Tushnet brings together disparate doctrinal threads which he characterizes as part of a campaign to “defund the left” (p. 59-65).  They include: economic substantive due process cases that limit punitive damages awards (pp. 59-61); restrictions on class actions and expansive readings of the Federal Arbitration Act (pp. 61-62); and the Janus decision that weakened public labor unions (pp. 63-65).  Tushnet neatly connects these decisions by noting that all of them take money away from groups (labor unions, plaintiffs’ attorneys) that support and fund Democratic causes.
The culture wars are largely done, Tushnet believes, and what remains are mere skirmishes and mopping-up operations.  The conservative majority prefers symbolic victories.  Gun rights have been recognized, although their contours are maddeningly obscure.  There will be no more talk of a wall of separation.  The government can accommodate and even fund religious practice without sacrificing its neutrality, while it exempts religious organizations from federal employment law.  Tushnet thinks cases like Hobby Lobby and Heller make a point but have little effect on the regulatory environment.  He may want to revisit that position after Little Sisters of the Poor, following which, according to government estimates, as many as 126,400 women will lose access to no-cost contraceptive services.

Tushnet predicts that the next step will be to require legislators and regulators to effect rules and laws that promote the conservative agenda (p. 45). As Tushnet points out, the religious freedom movement has shifted from protecting religious practices to imposing religious principles on other, in particular women and LGBTQ people (p. 88).  What the Court gave in Bostock, it took away in Our Lady of Guadalupe.  The Court’s Establishment Clause jurisprudence has since the 1980s been eroding the wall of separation, and it now allows government to subsidize religious education through voucher programs (pp. 92-94).  As this term’s decision in Espinoza v. Montana Dep’t of Revenue illustrates, laws affecting or protecting religious freedom seem to be the tip of the spear in the push to force states to favor conservative policies.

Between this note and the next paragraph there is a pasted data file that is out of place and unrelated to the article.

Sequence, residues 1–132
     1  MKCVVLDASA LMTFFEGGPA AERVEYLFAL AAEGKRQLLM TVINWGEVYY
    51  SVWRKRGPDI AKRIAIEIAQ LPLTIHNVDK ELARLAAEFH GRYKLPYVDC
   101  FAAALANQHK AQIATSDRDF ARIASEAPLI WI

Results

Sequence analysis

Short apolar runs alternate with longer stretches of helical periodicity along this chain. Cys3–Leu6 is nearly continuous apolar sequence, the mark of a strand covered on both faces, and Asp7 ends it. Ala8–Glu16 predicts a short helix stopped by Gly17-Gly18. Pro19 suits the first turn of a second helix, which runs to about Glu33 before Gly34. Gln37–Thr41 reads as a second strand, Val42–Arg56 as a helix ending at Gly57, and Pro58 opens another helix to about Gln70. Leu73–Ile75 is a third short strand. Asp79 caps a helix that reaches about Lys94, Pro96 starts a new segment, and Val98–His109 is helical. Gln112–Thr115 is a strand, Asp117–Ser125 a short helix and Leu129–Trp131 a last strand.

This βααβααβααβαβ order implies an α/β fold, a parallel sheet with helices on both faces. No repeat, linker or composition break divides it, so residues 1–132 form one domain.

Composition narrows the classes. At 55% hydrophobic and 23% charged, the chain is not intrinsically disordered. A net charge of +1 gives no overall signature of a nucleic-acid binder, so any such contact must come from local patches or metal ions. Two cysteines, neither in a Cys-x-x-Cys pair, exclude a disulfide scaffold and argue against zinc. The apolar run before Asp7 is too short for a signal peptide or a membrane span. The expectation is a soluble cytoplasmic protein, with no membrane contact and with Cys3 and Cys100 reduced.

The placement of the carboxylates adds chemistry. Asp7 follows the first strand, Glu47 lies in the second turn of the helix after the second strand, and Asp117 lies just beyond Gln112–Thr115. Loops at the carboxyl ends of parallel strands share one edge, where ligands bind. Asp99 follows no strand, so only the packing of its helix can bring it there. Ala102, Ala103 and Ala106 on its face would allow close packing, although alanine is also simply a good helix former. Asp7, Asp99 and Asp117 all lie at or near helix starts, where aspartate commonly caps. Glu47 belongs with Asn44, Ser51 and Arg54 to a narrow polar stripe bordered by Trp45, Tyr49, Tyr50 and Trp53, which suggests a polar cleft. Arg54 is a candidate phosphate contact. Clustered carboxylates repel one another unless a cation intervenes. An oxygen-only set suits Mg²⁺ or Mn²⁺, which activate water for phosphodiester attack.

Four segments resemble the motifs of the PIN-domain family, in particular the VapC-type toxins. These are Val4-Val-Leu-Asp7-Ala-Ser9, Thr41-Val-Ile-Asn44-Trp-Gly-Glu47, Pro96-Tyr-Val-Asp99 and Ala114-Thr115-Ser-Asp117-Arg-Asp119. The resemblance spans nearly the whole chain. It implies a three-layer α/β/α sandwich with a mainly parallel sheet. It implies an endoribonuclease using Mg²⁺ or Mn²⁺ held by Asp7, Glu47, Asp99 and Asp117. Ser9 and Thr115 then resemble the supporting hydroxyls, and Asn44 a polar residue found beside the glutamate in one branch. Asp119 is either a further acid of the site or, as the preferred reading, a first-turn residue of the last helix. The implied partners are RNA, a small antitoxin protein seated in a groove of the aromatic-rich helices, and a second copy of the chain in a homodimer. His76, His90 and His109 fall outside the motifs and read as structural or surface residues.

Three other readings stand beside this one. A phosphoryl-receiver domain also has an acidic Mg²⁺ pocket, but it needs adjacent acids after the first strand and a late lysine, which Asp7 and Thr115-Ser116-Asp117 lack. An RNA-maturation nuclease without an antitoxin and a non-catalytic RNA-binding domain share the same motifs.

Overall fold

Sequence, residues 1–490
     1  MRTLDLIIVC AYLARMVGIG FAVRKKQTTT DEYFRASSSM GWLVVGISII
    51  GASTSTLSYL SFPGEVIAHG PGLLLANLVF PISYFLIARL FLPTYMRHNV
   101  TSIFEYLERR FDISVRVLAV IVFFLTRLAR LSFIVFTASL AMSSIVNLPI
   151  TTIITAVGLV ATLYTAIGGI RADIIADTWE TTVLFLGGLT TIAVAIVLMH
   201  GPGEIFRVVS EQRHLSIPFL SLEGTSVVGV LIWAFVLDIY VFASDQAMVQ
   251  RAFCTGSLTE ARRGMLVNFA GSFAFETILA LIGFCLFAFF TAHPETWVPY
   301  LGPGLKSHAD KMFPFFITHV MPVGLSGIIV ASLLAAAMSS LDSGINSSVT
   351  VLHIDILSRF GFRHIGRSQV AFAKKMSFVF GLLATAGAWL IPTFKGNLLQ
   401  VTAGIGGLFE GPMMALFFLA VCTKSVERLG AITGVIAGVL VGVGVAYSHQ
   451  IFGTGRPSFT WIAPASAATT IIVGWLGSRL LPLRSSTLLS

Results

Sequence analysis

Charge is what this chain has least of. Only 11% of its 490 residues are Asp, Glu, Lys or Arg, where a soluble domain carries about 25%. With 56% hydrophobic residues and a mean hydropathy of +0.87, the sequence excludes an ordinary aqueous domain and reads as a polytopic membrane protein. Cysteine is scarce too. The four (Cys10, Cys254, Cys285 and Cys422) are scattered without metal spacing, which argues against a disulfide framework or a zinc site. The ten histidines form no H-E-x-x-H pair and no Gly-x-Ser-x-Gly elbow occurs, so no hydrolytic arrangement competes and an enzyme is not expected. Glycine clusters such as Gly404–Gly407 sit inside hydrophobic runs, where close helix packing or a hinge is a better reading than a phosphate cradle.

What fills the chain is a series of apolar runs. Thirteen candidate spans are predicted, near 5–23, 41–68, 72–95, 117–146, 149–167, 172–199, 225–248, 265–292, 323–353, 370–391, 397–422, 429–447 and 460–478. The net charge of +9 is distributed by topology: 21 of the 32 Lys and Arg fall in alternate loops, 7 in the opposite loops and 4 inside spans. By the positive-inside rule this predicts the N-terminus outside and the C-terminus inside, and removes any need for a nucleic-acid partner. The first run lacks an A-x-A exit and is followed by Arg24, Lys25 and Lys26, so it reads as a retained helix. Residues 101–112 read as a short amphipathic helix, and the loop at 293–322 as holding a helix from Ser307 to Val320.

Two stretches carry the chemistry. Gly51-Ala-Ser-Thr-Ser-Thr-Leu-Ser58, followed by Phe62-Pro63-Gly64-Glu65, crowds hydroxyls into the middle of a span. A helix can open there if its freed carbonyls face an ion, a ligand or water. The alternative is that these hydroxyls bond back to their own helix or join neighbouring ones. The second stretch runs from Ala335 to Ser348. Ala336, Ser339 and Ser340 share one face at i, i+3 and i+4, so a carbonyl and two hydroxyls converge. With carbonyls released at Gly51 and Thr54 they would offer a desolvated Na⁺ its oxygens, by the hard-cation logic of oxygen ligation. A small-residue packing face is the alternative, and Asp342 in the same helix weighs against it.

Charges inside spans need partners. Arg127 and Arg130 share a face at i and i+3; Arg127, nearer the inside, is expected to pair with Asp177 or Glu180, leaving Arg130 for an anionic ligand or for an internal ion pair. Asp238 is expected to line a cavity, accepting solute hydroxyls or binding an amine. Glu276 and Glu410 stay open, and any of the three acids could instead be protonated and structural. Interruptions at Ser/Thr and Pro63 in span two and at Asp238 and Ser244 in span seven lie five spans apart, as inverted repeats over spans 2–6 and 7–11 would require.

Still, the trajectory of the Roberts Court resists Tushnet’s narrative in interesting ways.  Tushnet duly concedes that some progressive Justices went along with the economic substantive due process decisions while some conservative Justices opposed them (p. 61).  Justices Breyer and Kagan join with the conservatives on cases interpreting the Free Exercise and Establishment Clauses.  Lengthy dissents and concurrences form Justices Thomas and Alito suggest deep fissures in the conservative camp that render Tushnet’s account of the Roberts Court’s master strategy less persuasive.  Tushnet also acknowledges that the Court’s pro-business agenda lacks coherence, at times because its anti-regulatory and federalist inclinations collide (pp.  137-41), at times because what is good for big business is bad for small businesses (pp. 141-44).  The conservative majority has failed to come up with a coherent strategy for weaponizing the free speech rights (pp. 181-86).  In addition, it is hard to reconcile Justice Kennedy’s legacy with Tushnet’s general narrative.  Nor is it clear, after the setback in Masterpiece Cake Shop and the surprising victory for LGBTQ rights in Bostock, that the major battles in that corner of the culture wars are behind us.